The scoop on shoveling snow safely and tips on winter weather safety

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The scoop on shoveling snow safely

Removing snow and ice from driveways and sidewalks after a snowfall is an important chore, but it can also be a dangerous one for those with heart and lung conditions.

A recent study conducted at the Center for Injury Research and Policy of The Research Institute at Nationwide Children’s Hospital in Ohio found that an average of 11,500 snow shoveling-related injuries and medical emergencies were treated in U.S. emergency departments from 1990 to 2006. More than half of the hospitalizations and 100 percent of the 1,647 fatalities associated with shoveling snow were due to cardiac-related events.

Cold weather puts an extra strain on the heart, and shoveling is already a vigorous physical activity even for healthy individuals. Shovelers also are at risk for hypothermia, a decrease in body temperature, if they are not dressed appropriately for the weather conditions.

If you have heart disease, high blood pressure or high cholesterol, or a history of heart attacks, it is best to avoid shoveling snow or performing other hard work in the cold.

“It is always best to consult with your physician before engaging in strenuous activity that could lead to additional health concerns,” said Dr. Michael Mirro, cardiologist, Fort Wayne Cardiology and medical director, Parkview Research Center. “We want residents in our community to be as safe as possible during severe winter weather.”

The same warning applies to smokers and those with asthma or chronic lung conditions.

“The combination of cold weather and physical exertion can often precipitate and worsen asthma and other related lung problems,” said Scott Mann, MD, medical director of emergency services, Dupont Hospital.

“If you begin to experience shortness of breath, it’s wise to stop what you’re doing. If the condition persists—or if you begin to experience chest pain—call 911 immediately because in the case of a heart attack, time is muscle” Mann said.

Whenever possible, try to avoid shoveling snow by hiring someone to do it or using alternatives including salts, deicing sprays, heated sidewalk mats or snow blowers.

If you must shovel snow, the Fort Wayne-Allen County Department of Health recommends taking the following steps to minimize your risk of injury:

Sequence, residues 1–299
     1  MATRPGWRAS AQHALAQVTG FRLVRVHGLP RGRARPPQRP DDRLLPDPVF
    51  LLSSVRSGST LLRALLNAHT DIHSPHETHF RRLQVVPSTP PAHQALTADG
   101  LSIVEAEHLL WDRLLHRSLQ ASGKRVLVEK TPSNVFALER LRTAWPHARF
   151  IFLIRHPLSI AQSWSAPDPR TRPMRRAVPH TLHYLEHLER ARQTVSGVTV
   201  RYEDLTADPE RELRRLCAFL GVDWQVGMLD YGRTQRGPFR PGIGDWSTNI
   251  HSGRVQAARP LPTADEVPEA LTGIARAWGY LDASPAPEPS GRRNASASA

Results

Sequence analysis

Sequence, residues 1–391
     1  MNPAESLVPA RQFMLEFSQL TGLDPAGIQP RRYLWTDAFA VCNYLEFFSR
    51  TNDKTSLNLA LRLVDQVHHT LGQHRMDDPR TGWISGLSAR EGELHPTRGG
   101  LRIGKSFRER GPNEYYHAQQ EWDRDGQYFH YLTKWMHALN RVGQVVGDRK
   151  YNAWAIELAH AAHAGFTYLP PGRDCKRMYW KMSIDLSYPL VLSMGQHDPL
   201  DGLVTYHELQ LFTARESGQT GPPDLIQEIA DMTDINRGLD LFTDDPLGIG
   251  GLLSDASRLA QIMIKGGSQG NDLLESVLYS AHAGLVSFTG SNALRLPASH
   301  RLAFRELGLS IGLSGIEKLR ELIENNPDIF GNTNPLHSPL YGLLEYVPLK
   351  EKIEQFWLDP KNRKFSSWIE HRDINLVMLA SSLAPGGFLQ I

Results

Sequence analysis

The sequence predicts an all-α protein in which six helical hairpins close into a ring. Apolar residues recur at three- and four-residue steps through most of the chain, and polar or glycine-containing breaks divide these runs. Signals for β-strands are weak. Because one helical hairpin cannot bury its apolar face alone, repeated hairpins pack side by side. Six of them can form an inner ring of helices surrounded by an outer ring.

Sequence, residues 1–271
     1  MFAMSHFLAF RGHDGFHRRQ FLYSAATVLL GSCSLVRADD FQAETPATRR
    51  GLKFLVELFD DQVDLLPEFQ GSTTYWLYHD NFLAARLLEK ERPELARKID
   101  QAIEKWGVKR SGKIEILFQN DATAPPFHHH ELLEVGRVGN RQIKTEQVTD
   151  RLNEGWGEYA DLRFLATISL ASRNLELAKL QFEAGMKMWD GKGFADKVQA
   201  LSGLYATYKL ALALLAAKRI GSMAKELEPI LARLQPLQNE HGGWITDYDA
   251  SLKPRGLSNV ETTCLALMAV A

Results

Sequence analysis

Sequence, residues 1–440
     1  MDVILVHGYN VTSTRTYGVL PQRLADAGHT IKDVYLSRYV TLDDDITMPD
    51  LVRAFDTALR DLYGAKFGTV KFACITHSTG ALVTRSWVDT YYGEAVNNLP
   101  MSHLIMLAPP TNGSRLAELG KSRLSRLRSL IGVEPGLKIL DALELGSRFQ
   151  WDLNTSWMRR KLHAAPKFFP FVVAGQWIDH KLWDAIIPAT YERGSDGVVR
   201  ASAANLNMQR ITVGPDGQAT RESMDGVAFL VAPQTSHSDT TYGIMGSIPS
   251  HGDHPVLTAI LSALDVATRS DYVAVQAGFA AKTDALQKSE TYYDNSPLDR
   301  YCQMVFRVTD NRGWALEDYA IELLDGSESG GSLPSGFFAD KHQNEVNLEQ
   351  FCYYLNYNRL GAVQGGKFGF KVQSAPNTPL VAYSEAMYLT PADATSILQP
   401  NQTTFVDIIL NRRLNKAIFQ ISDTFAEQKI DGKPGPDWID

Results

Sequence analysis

• Warm up with light stretching exercises.
  • Wear warm clothing, including a hat, scarf, gloves and slip-resistant, high-traction footwear.
  • Avoid drinking caffeinated beverages or energy drinks which can elevate your heart rate.
  • Choose an ergonomic shovel with a small blade. A shovel that’s too long, too short, or hard to grip will make the work more difficult.

Try to push the snow off to the side rather than lifting it. If you must lift it, squat with your knees bent to relieve pressure on your back. Don’t tackle a foot of snow at once, but remove it several inches at a time. Walk with the shovel to where you want to dump the snow rather than twisting your body to throw the snow over your shoulder.

  • Avoid large shoveling jobs by clearing snow several times throughout the day.
  • Pace yourself by taking frequent rest breaks.

If you are diabetic, be sure to check your blood sugar after shoveling to ensure that your blood sugar does not drop too low.

For more information on winter weather safety, go to or

Prepare yourself for winter weather

  • When weather is extreme, try to stay indoors.
  • If you must go outside, wear layers of windproof and waterproof clothing and a hat, scarf and gloves.
  • Do not ignore shivering as it is an important first sign that the body is losing heat. Persistent shivering is a signal to return indoors.

Prepare your home

  • Listen to weather forecasts for the latest conditions.
  • Have chimneys and flues inspected and test smoke alarms and carbon monoxide detectors.
  • When using fireplaces, space heaters, or other heating devices, follow the manufacturer’s instructions carefully and make sure they are properly vented to the outside.
  • Do not use generators, charcoal grills, camp stoves, or other gasoline/charcoal-burning devices indoors.

Prepare your vehicle

  • Keep your vehicle fueled and in good working order.
  • Have an emergency kit in your vehicle with blankets, flashlight, extra batteries jumper cables, and first aid supplies.
  • Tell someone where you are going and when you expect to return.
  • Avoid traveling on ice-covered roads, overpasses, and bridges if at all possible.
  • Stay in your vehicle if you get stranded and try to make yourself visible to rescuers.

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